Originally a Norse settlement, derived from the Norse word "Mjor-aker" meaning "the narrow acre". People have lived where the Swale meets the Straw Beck since the Bronze Age and the promise of good mixed farming in the valley bottom is probably why the Vikings chose to settle here. It seems a long way from the sea...
Went into town yesterday to view a painting. Not something I do often., but this was on the recommendation of a friend.
Stephen Hannock, an American from Massachusetts, has painted an 8 feet by 12 feet (2.4 metres by 3.6 metres) view of the city of Newcastle on Tyne. The most distinctive feature is the river that divides Newcastle from Gateshead. The Millennium Bridge, The Sage and the Baltic are represented far more clearly than that other icon - the castle built in the eleventh century. I struggled to find that in the murk beneath the Tyne Bridge. The city is rendered as if looking down on a map spotted and blotched with bluish lights of differing sizes which represent coal mines. The painting combines what is there on the ground with what was once there in a way that reminds me of an advent calendar. A hazy outline of a gigantic miner lies along the south side of the Tyne, hewing coal for ever. Personal memories that must mean something to the man who commissioned the thing are scribbled at numerous points across the painting, but your nose needs to be four inches from the painting to read them.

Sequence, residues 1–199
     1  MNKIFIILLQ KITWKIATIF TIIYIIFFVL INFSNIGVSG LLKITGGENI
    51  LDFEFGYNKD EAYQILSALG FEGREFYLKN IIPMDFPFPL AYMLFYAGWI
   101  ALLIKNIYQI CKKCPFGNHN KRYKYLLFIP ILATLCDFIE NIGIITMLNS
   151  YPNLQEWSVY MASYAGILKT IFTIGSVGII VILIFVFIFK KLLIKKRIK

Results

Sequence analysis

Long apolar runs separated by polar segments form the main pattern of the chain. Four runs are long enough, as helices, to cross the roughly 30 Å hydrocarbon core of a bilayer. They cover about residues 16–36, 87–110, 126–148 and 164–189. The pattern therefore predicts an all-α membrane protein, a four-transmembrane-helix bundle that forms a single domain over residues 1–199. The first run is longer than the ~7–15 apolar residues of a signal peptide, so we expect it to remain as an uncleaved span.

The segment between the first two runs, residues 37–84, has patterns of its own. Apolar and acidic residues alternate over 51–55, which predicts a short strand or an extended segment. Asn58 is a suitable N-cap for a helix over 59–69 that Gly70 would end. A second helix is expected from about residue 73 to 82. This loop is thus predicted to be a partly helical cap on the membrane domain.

The painting is called 'Northern City Renaissance, Newcastle, England'. The man who commissioned it? Sting. Here's one view
It is an interesting concept. I admire Sting for doing it, and putting it on view before he whips it away into one of his many mansions. I'm glad I saw it. But I won't rush to see it again.